Good artists borrow, great artists steal

Fish may have stepped out of the spotlight in 2014, but his name continued to find its way into gaming headlines. In early 2015, games industry insider alleged that Fish had stolen vital assets of Fez from Dyad and N++ creator Shawn McGrath prior to the pair's professional "break up." 

In an interview with TechRaptor, former Destructoid writer Alistair Pinsof claimed that "Phil Fish significantly stole from [Shawn McGrath's] code, projects and ideas to create Fez" after the two developers worked together on the title. He also asserted that McGrath held certain information, like his alleged involvement in Fez prior to its 2007 GDC trailer, as "leverage" against both Fish and the filmmakers behind Indie Game: The Movie.

In an interview with Kotaku's Jason Schreier, however, McGrath recounted the events leading up to — and surrounding — Fez's inception differently. In the interview, McGrath claimed that he possessed no such "leverage" and that he and Fish hadn't even worked on Fez together. Instead, they collaborated on an early prototype of the game's 2D/3D rotation mechanic and — well, that's pretty much it. Still, McGrath admitted to being a little bummed that Fish took advantage of the gameplay element, even if he doesn't think he straight-up "stole" it like Pinsof alleged in the interview. 

After all, McGrath claimed to have worked on his own dimension-swapping game for a year before getting his first glimpse of Fez. Once he saw it, McGrath recalled, he promptly gave up on the project, realizing, " … well, I guess I just wasted a year of my life."

Don't call it a comeback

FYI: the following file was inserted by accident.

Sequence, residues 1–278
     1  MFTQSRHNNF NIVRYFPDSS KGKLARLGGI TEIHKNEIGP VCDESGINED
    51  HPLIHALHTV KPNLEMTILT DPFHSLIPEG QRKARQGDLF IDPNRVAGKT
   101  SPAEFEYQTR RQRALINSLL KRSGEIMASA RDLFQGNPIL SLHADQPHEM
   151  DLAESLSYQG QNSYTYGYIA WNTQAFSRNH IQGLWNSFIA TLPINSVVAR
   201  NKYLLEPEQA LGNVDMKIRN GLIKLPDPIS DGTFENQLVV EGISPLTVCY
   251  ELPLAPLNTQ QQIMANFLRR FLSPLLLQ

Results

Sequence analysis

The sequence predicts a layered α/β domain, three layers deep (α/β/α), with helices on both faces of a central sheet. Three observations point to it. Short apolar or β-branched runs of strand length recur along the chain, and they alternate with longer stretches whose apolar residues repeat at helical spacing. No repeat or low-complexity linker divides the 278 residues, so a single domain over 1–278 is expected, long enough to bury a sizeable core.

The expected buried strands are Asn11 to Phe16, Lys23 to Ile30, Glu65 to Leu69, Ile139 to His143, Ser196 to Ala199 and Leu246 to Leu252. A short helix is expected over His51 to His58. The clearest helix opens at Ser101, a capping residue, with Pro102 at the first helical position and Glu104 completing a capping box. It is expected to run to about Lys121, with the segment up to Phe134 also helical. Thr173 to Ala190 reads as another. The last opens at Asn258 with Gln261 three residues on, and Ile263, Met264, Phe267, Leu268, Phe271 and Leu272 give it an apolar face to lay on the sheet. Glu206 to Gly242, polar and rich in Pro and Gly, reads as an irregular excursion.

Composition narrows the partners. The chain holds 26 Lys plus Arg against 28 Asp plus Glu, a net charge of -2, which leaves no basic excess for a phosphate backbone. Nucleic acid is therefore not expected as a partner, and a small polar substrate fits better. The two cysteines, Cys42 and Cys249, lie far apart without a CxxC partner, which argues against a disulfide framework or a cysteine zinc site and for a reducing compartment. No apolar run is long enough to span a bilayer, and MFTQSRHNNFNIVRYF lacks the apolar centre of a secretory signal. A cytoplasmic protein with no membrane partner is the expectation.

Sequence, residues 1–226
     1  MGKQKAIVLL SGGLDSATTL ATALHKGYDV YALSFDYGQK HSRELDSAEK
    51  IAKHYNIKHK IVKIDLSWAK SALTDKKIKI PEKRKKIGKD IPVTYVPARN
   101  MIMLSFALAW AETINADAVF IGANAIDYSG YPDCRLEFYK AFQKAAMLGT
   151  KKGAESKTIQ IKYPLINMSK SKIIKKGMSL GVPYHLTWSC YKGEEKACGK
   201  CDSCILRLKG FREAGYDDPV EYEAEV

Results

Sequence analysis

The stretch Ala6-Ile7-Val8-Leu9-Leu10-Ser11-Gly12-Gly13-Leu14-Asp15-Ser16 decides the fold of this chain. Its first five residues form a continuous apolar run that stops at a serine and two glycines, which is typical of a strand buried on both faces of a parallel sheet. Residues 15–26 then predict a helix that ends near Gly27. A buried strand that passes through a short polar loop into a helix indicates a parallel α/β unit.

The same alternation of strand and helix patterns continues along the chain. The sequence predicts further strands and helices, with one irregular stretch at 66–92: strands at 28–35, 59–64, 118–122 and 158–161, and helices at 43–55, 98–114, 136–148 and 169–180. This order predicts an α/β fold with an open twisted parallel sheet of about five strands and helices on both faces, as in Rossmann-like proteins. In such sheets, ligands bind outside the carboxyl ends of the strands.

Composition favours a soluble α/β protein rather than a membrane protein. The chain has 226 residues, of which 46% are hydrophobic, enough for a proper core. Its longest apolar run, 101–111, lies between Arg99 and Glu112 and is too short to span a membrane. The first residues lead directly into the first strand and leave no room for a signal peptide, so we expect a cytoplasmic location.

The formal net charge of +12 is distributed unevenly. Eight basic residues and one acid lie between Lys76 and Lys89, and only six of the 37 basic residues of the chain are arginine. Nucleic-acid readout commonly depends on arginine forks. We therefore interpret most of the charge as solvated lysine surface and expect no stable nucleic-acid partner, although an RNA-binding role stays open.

While the name "Phil Fish" may no longer inspire heated arguments like it once did, the ambitious brain behind Fez has yet to officially hang up his hat — despite promises to kick the gaming industry to the curb. In 2016, Fish and his games-as-art advocacy collective, Kokoromi, redeveloped an in-house 2008 first-person puzzler for modern-gen gaming hardware. This retro-futuristic shape-matching title would grow into the VR-based SUPERHYPERCUBE, which found a PlayStation 4 and PC release in October 2016. SUPERHYPERCUBE received mixed-to-positive reviews, with critics praising the title's addictive gameplay and immersive use of 3D space. More importantly, however, the psychedelic spatial reasoning puzzler proved that Fish could still make a damn fun game.

Picking up the pixels

Fish doesn't seem to be letting the past stop him from flexing his creative muscles — and, this time, he's not limiting his work to just video games. In December 2017, Polygon reported that the game designer had teamed up with retro gaming hardware juggernaut Analogue to create the boot-up screen for the Super Nt. For those out of the loop, the Super Nt is a high-end, contemporary reimagining of the SNES complete with 1080p HD compatibility. Fish designed 30 uniquely glitch-y, retro versions of Analogue's logo for the project, meaning gamers will be greeted by a randomized glimpse of Fish's artwork every time they boot up their console.

Fans of Phil Fish may still be holding out for a surprise announcement of Fez II — but don't hold your breath expecting that it'll ever hit digital download shelves. Still, it's comforting to know that gaming's most notorious enfante terrible hasn't given up on the medium yet. 

As of January 2018, Polytron Corporation has yet to collapse, which is good news for those worried he'd actually sell his studio. And as of late December 2017, Fish himself is still playing — and talking about — games.